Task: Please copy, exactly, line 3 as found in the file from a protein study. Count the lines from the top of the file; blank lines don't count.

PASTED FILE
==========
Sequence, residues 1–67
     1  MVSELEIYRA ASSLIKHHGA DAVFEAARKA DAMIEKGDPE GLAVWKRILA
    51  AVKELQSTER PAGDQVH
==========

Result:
    51  AVKELQSTER PAGDQVH